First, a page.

Let’s stick together

My name is *** and I am an addict.

In my experience, when life has thrown a challenge my way, it has effected my motivation to do the next right thing. Suggestions can become lackadaisical, I can start to think about the steps rather than act upon them, meetings can become a chore and my priorities can get turned on their head.

But why? Surely in difficult times it is even more necessary to work a solid program? I know it works if I work it, so why in tough times can I take my foot off the pedal? Truly baffling I can be.

When I do not put in the daily diligent effort I can very easily become resentful and/or fearful. Selfish and dishonest behaviours aren’t far behind. A perilous way for an addict to live.

I am as much an addict as I ever was. This will never not be the case. NEVER. The 20 questions still apply to me now and always will. ALWAYS.

Why am I sharing this now? Because, we are all being challenged in one way or another right now and it appears to be set to last for a considerable amount of time.

It is my belief, that like it or not, us addicts find ourselves in a potentially vulnerable position. Vulnerable to relapse. Vulnerable to causing further harm and destruction to ourselves and our loved ones. BUT only if we allow it too. It DOES NOT have to be that way.

Please consider the following:

– Keep in constant contact with fellows. Reach out to someone who will appreciate your call. Be of service to the fellowships that have done so much for us.

– Attend (in person or online) as many meetings per week. Get things off your chest. Talk about your feelings. Give service by listening to and sharing the message of experience, strength and hope.

– SMASH the suggestions to pieces! Do two gratitude lists if you have to! Mediate three times a day if it helps! Call ten fellows and not just two! Smash them all.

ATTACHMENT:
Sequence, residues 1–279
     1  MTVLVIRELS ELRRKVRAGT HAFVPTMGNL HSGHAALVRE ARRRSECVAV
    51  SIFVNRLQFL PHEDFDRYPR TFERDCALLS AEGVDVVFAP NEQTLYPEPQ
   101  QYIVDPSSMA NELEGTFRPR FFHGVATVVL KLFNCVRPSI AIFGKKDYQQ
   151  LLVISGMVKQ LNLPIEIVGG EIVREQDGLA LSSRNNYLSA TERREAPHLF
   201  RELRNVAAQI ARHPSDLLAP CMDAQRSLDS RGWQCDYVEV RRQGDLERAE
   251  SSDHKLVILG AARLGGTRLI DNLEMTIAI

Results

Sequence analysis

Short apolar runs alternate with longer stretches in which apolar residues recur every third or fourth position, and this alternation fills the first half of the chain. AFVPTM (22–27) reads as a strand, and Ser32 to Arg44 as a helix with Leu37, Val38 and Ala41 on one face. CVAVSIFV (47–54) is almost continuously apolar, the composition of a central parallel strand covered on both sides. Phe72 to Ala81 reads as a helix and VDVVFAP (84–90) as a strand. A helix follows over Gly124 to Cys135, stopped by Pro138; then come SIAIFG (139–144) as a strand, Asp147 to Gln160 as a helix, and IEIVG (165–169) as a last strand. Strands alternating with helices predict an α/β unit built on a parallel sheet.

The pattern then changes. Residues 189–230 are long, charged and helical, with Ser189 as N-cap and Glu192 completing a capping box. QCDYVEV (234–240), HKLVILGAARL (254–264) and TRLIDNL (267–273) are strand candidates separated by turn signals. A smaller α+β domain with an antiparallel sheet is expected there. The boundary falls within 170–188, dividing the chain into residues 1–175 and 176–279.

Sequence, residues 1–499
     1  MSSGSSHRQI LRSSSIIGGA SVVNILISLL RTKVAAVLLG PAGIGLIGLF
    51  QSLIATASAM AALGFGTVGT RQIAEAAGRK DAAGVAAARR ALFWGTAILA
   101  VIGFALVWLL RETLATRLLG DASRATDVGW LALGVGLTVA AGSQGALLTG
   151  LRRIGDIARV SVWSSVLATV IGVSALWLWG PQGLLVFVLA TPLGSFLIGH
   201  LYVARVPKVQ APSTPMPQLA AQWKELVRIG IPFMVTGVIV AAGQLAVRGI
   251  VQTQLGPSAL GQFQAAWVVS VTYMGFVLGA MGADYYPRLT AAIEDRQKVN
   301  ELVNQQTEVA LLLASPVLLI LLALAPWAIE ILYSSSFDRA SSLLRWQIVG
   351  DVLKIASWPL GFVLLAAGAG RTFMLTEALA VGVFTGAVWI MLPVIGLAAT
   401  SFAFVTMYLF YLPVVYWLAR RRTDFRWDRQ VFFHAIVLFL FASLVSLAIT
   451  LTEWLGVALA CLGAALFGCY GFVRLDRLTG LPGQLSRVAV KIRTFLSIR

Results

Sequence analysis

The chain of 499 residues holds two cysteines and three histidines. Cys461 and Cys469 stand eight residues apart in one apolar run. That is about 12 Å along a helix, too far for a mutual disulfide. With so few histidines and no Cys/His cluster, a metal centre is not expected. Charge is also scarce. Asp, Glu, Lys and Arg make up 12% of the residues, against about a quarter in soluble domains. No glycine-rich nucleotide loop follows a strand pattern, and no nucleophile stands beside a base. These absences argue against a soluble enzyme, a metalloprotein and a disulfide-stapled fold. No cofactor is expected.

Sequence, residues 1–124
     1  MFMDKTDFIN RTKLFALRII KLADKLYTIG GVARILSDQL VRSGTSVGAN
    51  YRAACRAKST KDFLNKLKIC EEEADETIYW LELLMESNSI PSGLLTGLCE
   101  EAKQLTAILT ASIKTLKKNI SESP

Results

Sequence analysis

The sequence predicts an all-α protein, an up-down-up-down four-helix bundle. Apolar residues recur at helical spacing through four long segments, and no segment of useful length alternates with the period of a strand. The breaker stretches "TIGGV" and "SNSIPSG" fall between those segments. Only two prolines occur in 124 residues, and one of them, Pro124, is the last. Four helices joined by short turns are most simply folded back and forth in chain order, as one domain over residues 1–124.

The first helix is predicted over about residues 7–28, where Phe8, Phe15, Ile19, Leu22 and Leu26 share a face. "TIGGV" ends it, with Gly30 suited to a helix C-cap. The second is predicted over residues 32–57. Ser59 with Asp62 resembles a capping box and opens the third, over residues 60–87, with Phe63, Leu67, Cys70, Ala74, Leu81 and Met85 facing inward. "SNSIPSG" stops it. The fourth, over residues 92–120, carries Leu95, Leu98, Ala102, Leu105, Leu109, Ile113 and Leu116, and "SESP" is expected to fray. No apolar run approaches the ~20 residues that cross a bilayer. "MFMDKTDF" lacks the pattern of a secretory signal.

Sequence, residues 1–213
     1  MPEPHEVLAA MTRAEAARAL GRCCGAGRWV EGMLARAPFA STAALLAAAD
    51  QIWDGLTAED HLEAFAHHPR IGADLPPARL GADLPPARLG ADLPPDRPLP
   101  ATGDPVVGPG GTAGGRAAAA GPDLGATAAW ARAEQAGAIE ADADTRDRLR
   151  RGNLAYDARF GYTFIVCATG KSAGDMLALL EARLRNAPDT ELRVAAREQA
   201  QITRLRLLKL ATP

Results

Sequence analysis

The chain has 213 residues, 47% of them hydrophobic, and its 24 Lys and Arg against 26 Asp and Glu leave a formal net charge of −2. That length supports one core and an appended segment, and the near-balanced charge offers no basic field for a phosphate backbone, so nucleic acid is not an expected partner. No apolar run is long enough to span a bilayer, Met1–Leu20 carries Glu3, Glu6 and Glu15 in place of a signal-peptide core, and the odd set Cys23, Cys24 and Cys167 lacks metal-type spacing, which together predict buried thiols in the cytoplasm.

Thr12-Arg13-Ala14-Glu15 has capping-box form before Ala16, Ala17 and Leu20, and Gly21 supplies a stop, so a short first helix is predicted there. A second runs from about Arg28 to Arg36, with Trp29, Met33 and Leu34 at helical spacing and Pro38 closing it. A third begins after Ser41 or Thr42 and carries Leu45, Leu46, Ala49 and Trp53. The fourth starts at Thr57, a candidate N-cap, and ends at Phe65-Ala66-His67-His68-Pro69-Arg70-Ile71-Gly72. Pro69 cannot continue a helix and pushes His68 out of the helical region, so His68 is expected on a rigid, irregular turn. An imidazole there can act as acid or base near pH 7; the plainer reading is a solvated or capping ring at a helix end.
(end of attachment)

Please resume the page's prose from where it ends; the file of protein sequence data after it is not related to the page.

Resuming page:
– Pray, pray, pray, pray and pray again to your higher power. If you do not have your own concept of God, choose someone in your life you believe has faith and pray to theirs.

– Do not delay the steps. If it is impossible for you to physically meet with your sponsor, don’t waste any time. We are blessed with technology which allows calls and video calls. Use them.

– If you are interested in sponsorship and willing to go to any lengths then start now! Do not wait, sponsorship has proven it can work from country to country. We are blessed to have many available sponsors who can be (somewhat) flexible in their delivery.

– Be selfless. Think of others less fortunate than you, that includes the elderly, the homeless, our families and everyone not in a fellowship (in my opinion). Even if it’s to listen to them share their feelings and get things off there chest, let’s do what we can.

– Put the effort in on a daily basis. 6 days per week is not enough.

By keeping our foot flat out on the pedal we will improve our chances of being abstinent and reduce the chance of harming others and leaving destruction on our paths. Through God or the simple higher power of the fellowship, we can be the best version of ourselves and of best use to the people around us.

Grant us the serenity to accept the things we cannot change, Courage to change the things we can and the Wisdom to know the difference.

Up A Downward Escalator

Up A Downward Escalator